Another reason that wooden highchairs are more durable comes down to ageing. When plastic ages it is prone to get brittle and more likely to break. Wooden highchairs do not have this problem. Wooden highchairs can have ageing problems as well. The screws in this type of chair can loosen over time causing problems if they are not checked.

A wooden highchair may take up more room than other types of highchairs. To keep their durability, many do not fold. The chairs are meant to be pushed up to the table though and treated like other chairs. It might be perfect in your kitchen, but a headache to take along on trips with you.

Another item that these types of chairs lack are some of the amenities that other highchairs offer, or you must pay extra money to get them. In the end what it boils down to is are you willing to pay more for durability or is convince more of what you are looking for in your highchair.

Features To Be On The Lookout For In A Babychair

When thinking about amenities for highchairs there are a lot to consider. From the color of the highchair, cushion type, feet rest, recline ability, and trays. When thinking about cushions you should consider if the cushion makes the baby comfortable. A baby is going to get cranky in a seat that’s uncomfortable.

It also needs to be easily to take apart and clean, infants and toddlers are notoriously messy eaters what they eat today could hang out as stains and crumbs in the cushion. The tray also needs to be easily removable and washable. Some highchairs like 4moms use magnets to help keep the plate of spaghetti to stay on the table and not fly across the floor. (That’s pretty slick, really.) A lot of chairs that have more features are also created to fold up or take a less amount of space.

One of the highchairs with the most customization is the line of bloom highchairs. It comes with an array of colors and cushions available. It also has a three-point reclining system. This highchair has been backed by celebrity couples including Kourtney Kardashian and Conner McGregor.

Again it comes down to what you want to use the highchair for, as to what kind of features you may want. Some of these options are completely cosmetic, while others are a matter of convenience. The ability to recline the seat is awesome if you want to put an infant in it. It might not be needed as much for a toddler.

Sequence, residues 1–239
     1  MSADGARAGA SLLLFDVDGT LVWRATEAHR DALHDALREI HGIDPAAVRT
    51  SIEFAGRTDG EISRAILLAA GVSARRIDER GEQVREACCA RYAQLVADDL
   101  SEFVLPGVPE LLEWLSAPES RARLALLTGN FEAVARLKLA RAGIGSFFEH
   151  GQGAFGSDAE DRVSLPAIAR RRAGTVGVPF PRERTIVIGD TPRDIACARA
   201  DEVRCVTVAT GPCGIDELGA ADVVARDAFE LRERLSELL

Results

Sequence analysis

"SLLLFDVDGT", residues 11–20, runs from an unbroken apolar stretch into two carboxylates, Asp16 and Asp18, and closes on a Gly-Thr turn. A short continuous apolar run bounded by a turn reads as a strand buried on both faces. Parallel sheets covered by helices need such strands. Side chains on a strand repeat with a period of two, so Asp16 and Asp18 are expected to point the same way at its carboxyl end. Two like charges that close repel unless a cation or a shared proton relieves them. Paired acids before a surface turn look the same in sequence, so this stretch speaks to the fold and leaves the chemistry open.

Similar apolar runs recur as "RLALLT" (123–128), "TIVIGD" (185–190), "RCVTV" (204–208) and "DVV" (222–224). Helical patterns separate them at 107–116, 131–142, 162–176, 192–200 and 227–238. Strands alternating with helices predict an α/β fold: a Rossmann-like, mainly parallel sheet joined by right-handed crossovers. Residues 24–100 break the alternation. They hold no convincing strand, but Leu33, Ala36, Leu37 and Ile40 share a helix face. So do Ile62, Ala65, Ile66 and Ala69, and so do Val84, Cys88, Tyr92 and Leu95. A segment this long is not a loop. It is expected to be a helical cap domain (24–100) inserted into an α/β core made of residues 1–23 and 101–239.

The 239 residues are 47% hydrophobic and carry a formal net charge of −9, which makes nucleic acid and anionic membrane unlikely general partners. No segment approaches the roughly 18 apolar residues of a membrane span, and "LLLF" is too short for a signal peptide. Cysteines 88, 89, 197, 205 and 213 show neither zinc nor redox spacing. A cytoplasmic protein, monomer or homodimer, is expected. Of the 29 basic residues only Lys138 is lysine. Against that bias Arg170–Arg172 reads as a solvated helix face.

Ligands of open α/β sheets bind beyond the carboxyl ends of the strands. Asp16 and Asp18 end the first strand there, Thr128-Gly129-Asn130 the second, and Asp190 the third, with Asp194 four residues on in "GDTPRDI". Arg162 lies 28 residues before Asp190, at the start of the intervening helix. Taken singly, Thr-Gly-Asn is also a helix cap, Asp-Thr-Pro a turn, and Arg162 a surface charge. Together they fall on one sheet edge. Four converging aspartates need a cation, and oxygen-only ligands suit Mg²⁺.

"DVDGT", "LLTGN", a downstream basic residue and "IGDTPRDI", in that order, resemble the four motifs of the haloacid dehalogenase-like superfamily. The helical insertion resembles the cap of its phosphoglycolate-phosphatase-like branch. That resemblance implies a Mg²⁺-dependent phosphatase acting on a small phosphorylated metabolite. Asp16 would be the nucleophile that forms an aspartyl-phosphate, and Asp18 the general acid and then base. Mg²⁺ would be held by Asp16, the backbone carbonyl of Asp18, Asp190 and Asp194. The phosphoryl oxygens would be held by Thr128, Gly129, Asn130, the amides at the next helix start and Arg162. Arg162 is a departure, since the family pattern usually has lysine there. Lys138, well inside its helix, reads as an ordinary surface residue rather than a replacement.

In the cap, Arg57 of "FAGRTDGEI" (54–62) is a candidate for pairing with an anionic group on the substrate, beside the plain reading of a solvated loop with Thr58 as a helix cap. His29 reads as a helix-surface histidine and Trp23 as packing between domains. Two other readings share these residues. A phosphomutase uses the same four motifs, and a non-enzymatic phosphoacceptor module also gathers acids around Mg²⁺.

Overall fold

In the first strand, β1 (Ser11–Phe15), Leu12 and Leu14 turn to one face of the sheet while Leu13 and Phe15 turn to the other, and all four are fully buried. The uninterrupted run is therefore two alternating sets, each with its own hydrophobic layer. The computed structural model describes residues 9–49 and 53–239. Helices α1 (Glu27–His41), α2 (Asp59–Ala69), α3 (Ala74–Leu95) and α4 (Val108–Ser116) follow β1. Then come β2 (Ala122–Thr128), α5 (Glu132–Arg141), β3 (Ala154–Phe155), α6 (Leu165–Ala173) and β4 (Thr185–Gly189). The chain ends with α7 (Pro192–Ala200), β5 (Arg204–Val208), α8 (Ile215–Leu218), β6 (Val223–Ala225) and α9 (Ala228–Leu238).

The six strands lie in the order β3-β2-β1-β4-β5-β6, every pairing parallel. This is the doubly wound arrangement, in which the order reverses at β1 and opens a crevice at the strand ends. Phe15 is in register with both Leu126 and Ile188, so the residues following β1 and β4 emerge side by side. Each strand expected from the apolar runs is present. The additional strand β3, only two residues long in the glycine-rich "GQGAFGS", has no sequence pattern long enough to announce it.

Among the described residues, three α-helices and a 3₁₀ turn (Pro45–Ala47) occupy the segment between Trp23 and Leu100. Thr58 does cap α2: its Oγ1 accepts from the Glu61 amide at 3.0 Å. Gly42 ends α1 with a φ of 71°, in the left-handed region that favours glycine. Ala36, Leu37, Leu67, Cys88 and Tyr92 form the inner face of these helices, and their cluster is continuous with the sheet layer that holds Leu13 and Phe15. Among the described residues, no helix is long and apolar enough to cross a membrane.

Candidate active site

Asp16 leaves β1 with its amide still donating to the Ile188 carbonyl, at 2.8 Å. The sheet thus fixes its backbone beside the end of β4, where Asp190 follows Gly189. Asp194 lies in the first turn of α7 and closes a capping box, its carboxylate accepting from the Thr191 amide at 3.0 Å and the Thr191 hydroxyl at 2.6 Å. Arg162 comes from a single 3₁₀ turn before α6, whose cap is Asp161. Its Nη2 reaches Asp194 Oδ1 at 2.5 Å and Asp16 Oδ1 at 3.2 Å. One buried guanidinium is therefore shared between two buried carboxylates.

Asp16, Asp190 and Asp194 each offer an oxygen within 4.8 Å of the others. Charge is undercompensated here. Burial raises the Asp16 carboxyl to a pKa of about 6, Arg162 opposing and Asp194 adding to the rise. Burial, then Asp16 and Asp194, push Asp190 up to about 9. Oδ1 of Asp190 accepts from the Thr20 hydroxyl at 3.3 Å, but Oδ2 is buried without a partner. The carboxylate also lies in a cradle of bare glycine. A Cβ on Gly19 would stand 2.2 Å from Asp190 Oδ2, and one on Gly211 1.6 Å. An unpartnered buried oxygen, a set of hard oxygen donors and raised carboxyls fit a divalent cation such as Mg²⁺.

If you are using it for multiple children the ability to adjust the seat is a must since the children will most likely have different needs. Graco is another company that is known for its customizable options. We didn’t review them because their styling is just “Uggh…” However, they do have highchairs which are made to be used with different children at the same time, or are adjustable to grow right along with the child. So there is that…

When it comes to what highchair is best, it comes down to personal choice. When do you want to put the infant in a high chair? What features do you like? What works best for your family?

A higher end highchair might be more durable, and have the newest features, but a cheaper one could work just as well if you just want a quick portable chair for your infant to sit in during meal time.

When it comes to safety, the safest highchairs on the market right now run the gambit from the lower to higher end of price range. With a bit of research you can find what highchair would work best for you.

Safety...Again...

All of the high chairs in this review have solid safety records with only one receiving mention in the government recall database at cspc.gov - The Mima Moon.  However, the recall was limited to a very small and specific occurrence so we kept this chair in the review.

According to www.safekids.org the real concern regarding how safe a high chair is centers on the potential for your child to fall out of the chair:

Many parents assume the high chair they use for their child during meal time is safe. Unfortunately, that is not always the case. Our new research shows that every day in the U.S., an average of 24 children are treated in an emergency department for an injury related to either a high chair or chair booster seat – that is one child every hour. The majority of injuries are the result of a fall – either because the safety restraints were not used or because they were too loose.
Falls from high chairs can be dangerous because high chairs are usually used in kitchens and dining areas which often have hard flooring such as tile or wood. If a child falls head first onto these hard surfaces, serious injuries can occur. When used correctly, however, high chairs and booster seats can be great tools to help meal time go smoothly. The following tips can help make meal time safe for all.

If you don't think this is a serious threat, please think again.  This story relates just what a nightmare the wrong chair or an improperly used high chair can cause:

In this excerpt from Today, they relate a story that absolutely no parent ever wants to face:

Kelli Waggoner of Waxhaw, N.C., mom to 3-year-old Harper, got a scare last year when Harper flipped over in her booster seat, which was attached to a kitchen stool. Harper was strapped into the booster seat but used her legs to push off from the island kitchen counter.